A RETURN to regenerative agricultural practices can work in harmony with the use of agri-technology, according to 89% of respondents to a recent survey.
The survey, carried out by The Institute of Agricultural Management (IAgrM) ahead of the annual National Farm Management Conference in November, also found 86% of farmers and agricultural industry professionals believe cost is the biggest barrier to the use of technology on-farm.
When asked what they believe will cause the biggest disruption to agricultural and environmental management in the years ahead, 49% cited economic uncertainty, and 46% said climate change.
The majority of respondents said they were already using regenerative practices, with 61% using minimal or no-till, 48% using diverse cropping rotations, 44% integrating livestock into arable systems, and 29% providing constant soil cover through the use of stubble or cover crops.
It was a similar picture for the uptake of technology, with 63% using farm management planning and recording software, 45% using telematics and GPS tracking, 42% using livestock technology, and 41% using precision agronomic support systems.
IAgrM chairman, Carl Atkin-House, says it is interesting to see such a high proportion of respondents agree that regenerative agriculture and technology can work together.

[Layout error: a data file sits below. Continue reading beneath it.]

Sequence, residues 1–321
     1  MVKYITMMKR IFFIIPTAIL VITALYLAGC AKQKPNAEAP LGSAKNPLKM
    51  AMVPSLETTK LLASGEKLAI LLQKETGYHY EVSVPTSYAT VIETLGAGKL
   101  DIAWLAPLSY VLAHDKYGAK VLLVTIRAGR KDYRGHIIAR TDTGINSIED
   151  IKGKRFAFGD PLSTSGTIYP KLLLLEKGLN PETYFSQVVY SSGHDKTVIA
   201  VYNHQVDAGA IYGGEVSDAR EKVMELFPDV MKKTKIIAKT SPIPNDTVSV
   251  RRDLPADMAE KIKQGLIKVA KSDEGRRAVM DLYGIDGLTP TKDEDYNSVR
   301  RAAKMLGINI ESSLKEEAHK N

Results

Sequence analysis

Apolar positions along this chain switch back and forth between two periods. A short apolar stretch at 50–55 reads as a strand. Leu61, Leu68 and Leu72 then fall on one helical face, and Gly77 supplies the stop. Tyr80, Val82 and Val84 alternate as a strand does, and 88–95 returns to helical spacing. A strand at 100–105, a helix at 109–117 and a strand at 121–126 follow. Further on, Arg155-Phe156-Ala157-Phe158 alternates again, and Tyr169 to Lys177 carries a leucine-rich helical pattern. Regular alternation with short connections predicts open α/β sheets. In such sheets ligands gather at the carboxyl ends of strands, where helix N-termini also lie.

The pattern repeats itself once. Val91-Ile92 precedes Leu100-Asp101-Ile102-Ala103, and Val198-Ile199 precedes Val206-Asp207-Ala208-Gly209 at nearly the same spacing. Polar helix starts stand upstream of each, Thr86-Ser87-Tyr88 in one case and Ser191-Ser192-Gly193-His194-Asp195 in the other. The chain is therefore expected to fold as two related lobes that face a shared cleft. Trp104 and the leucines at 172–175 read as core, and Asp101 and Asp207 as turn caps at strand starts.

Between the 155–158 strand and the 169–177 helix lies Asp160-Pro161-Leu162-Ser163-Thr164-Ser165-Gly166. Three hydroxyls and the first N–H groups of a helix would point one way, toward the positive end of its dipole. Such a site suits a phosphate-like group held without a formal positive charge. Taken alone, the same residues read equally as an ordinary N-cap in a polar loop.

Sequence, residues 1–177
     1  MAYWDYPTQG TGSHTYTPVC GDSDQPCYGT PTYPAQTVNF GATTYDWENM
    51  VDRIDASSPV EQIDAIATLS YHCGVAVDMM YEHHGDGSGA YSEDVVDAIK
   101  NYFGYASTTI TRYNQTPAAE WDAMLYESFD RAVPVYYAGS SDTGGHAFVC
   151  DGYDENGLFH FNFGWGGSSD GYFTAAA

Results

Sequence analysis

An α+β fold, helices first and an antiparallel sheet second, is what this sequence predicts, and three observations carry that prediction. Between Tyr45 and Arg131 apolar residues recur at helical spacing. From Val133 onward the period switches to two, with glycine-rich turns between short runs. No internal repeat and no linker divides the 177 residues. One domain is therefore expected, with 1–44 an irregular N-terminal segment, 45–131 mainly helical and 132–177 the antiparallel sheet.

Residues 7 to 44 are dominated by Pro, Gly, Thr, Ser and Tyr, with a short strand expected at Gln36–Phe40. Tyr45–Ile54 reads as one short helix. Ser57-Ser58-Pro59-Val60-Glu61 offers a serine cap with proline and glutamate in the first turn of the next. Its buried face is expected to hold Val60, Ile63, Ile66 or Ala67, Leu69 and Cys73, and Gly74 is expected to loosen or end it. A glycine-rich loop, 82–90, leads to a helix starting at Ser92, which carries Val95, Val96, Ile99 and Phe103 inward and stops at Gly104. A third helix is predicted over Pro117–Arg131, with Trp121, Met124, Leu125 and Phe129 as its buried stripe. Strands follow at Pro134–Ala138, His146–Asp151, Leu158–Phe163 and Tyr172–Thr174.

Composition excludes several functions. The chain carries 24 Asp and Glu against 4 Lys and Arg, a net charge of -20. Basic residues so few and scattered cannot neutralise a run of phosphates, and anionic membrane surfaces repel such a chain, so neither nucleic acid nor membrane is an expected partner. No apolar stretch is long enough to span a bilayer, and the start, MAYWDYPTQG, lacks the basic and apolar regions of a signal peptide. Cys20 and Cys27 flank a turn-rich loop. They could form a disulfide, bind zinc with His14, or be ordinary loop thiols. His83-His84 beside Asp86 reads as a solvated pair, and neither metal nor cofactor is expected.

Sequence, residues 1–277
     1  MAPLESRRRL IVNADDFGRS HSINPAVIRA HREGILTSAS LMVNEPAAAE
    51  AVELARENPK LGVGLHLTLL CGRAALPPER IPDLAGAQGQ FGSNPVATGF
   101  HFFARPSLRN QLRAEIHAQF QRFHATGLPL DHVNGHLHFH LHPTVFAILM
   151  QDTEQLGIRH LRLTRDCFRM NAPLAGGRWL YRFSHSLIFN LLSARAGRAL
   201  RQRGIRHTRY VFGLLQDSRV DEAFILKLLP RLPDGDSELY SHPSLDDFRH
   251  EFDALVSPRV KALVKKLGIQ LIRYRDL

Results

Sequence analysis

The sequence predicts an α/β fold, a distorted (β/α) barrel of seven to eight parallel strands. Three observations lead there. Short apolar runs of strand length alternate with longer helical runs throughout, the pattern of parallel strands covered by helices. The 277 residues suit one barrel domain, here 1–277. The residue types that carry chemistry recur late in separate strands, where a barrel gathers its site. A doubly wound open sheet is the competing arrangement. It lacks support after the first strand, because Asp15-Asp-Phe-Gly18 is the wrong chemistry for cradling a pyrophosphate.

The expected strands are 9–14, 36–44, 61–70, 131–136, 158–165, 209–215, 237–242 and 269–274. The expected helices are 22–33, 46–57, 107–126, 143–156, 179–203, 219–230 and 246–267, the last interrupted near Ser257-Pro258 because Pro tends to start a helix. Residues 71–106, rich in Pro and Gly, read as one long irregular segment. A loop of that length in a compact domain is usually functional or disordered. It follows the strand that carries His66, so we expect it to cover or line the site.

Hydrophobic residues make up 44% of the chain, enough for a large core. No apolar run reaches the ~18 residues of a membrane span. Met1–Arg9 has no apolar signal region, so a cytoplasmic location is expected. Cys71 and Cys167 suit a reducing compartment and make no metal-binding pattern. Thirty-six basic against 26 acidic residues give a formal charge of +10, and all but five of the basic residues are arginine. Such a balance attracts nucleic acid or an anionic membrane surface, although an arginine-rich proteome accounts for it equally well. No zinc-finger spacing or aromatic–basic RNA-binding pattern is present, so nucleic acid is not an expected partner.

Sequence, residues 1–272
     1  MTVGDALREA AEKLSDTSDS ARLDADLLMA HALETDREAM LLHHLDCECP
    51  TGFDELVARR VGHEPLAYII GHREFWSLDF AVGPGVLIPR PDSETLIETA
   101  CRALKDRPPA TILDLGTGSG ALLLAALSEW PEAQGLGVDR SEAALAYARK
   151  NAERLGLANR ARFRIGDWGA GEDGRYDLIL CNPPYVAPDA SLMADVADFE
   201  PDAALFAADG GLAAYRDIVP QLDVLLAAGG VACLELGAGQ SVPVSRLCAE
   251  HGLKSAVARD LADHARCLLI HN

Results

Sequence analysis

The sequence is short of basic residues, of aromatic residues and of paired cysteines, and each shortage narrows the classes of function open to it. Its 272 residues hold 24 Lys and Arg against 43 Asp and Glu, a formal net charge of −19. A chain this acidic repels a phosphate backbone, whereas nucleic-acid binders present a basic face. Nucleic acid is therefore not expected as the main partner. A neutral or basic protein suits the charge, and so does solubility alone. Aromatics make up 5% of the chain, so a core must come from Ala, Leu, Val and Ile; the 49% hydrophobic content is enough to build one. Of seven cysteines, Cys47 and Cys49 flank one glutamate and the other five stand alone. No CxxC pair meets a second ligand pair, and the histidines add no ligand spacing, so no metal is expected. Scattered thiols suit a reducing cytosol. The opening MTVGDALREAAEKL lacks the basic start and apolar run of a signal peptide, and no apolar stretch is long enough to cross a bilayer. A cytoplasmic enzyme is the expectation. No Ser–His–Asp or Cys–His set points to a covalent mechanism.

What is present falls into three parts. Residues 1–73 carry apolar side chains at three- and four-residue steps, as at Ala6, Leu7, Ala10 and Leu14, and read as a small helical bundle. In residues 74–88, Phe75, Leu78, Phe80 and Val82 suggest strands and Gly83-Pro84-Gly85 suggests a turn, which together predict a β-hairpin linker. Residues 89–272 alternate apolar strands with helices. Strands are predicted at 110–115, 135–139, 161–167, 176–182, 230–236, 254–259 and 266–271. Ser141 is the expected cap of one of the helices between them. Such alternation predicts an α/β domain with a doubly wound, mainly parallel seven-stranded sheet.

He said “At this year’s National Farm Management Conference we’re planning to explore the relationship between regenerative agriculture, which often encompasses a return to the less-used traditional aspects of farming practices, and technology.”
The National Farm Management Conference will take place in London on 7th November. The conference title is ‘What is the farm for? Technology v Tradition: The Future of Agricultural & Environmental Management.’ The opening session focuses on to the two biggest challenges facing humanity: climate change and biodiversity loss – which are compounded by an increasingly economically uncertain environment.